Federal Judge Refuses To Even ‘Entertain’ Garbage Claims Of Election Fraud

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Amid a court dispute involving Trump ally Mike Lindell and his unfulfilled promise to pay $5 million if someone made certain inroads against data he presented in tandem with claims of extensive election fraud in 2020, a federal judge has rebuked those fraud allegations — refusing, he said, to even “entertain” the notions.

The dispute reached federal Judge John R. Tunheim after an arbitration panel’s earlier decision demanding that Lindell pay up.

Tunheim explained in an order that a federal court’s legal leeway for intervening after such decisions is extremely limited, though he suggested disagreement with the panel on the procedural supports they used for their conclusion. He suggested a possible break with the relevant legal standards for interpreting contracts should the panel have used “extrinsic evidence” in concluding that Lindell’s arguments the examined data was from the 2020 presidential election necessitated a very specific type of data, which a computer programming professional on the other side of all of this found wasn’t present.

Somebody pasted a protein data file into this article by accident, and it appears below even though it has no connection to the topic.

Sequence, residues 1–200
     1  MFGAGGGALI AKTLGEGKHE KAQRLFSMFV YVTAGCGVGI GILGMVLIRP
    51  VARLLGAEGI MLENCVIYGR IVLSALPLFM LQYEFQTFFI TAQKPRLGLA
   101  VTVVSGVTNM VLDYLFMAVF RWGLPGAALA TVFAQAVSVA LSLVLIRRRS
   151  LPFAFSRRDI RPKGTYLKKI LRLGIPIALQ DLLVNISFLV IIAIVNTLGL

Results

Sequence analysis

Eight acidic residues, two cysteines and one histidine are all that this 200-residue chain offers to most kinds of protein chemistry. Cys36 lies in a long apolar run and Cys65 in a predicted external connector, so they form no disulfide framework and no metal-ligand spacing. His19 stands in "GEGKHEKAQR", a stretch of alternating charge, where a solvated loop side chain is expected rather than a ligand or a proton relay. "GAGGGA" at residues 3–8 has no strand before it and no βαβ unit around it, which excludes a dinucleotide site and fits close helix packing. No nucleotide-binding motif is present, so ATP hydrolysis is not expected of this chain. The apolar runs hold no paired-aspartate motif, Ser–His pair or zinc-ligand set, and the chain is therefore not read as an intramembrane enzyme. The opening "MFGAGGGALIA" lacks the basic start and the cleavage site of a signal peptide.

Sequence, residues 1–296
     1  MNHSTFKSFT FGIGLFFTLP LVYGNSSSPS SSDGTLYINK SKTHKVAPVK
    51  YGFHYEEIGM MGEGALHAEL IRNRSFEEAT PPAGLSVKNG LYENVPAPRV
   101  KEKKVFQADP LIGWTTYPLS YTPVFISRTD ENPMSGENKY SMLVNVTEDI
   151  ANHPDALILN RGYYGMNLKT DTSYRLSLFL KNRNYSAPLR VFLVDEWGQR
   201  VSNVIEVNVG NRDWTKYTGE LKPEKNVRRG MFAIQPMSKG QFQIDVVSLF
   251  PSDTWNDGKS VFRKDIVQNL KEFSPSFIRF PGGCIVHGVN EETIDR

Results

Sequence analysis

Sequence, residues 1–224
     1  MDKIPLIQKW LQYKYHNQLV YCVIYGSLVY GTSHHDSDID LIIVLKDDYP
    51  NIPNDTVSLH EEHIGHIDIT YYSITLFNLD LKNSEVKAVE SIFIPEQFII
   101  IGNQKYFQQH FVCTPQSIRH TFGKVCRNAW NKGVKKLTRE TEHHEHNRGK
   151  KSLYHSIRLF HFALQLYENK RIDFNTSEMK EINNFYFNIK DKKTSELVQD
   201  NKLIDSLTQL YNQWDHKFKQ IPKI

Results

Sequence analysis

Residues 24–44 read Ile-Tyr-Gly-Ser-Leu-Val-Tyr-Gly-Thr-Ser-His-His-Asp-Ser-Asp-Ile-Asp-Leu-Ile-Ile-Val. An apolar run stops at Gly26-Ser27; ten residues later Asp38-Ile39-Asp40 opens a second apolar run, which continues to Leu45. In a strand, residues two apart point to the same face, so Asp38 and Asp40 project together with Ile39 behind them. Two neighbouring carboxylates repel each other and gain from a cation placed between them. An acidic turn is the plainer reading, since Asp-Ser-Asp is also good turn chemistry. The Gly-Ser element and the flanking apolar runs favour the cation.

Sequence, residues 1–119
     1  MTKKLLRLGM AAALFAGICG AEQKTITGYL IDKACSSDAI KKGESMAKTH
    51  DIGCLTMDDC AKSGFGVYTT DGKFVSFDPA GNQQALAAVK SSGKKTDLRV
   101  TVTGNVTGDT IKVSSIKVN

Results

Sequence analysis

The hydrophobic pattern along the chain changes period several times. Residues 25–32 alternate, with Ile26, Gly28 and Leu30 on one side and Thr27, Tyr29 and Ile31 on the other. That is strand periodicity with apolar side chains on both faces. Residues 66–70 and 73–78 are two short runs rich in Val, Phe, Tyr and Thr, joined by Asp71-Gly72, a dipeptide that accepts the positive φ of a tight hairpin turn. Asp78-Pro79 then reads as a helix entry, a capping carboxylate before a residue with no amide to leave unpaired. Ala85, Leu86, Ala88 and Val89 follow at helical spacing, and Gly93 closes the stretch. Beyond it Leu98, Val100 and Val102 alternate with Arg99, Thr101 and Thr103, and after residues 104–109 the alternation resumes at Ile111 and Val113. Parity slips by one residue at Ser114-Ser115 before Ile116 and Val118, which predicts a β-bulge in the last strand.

“To be clear, the Court’s disagreement with the panel is limited to the technical matter of contract interpretation. It will not entertain any unproven theories of election fraud or interference and its position here should not be understood as even the slightest endorsement of Lindell’s broader election related claims,” Tunheim said in a footnote, seemingly anticipating the penchant of election conspiracy theorists to seize upon even the slightest perceived opportunity.

Tunheim upheld the panel’s decision, directing that payment for the experienced programmer — Robert Zeidman — be produced within 30 days of his order, which was dated February 21. It’s been a dismal period for Trump’s allies in his election claims, as attorney Sidney Powell also recently saw sanctions that followed a failed 2020 election lawsuit effectively upheld by the U.S. Supreme Court. Powell was also charged alongside Trump himself in a Georgia case alleging an election-targeting conspiracy. She pleaded guilty, receiving no jail time.